Following on from my post yesterday about removing borders, some people think that’s a good idea, others don’t.
And they’re both right.
The reason Adsense “rules” work for some, and not for others, depends largely on one factor: context.
For example, John Scott mentioned that he never clicked on Adsense ads. This is probably true of many web savvy professionals, as they’re more aware of internet advertising. Therefore, any site that has an audience consisting entirely of web savvy professionals is going to have a tough time with Adsense, borders or no borders.
Say you do have an audience that is quite happy to click on ads (hint: non-savvy visitors coming via the MSN serps are an Adsense gold mine), how do you know what advice to listen to in order to get your click-thru rates up? Some people say use a particular link color, others recommend a certain creative format. Who is right?
The answer is, of course, to test.
Change one thing at a time, watch the results for a few days, then decide if that change increased your revenue. It is important that you only change one variable at a time, or it will be difficult to tell what effect each change is having.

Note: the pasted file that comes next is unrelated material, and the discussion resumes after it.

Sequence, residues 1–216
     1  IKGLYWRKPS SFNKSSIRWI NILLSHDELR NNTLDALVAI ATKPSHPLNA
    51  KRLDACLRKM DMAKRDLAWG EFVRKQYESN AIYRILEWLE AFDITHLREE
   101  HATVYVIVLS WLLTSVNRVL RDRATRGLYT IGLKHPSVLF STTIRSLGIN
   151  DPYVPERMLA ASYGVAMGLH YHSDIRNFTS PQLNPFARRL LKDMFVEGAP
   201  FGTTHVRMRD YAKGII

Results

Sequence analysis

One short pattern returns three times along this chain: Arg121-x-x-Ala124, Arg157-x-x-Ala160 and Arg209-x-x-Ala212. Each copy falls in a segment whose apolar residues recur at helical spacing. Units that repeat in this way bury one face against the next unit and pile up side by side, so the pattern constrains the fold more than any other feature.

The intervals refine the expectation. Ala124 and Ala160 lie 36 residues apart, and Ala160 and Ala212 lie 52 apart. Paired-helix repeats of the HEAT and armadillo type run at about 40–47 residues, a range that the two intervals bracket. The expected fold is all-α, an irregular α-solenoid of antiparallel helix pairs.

Pretty soon, you will have your own killer Adsense strategy, suited specifically to your audience.
From testing, I’ve found that there are general principles that will work across a range of audiences. Integrating Adsense with content and removing borders will typically result in increased click-thru rates, especially when compared with Adsense creatives that look – and are placed like – banners. This is not simply my opinion. This is the result of split/run testing, designed to quantify actual – vs perceived – audience behaviour, across a wide range of sites.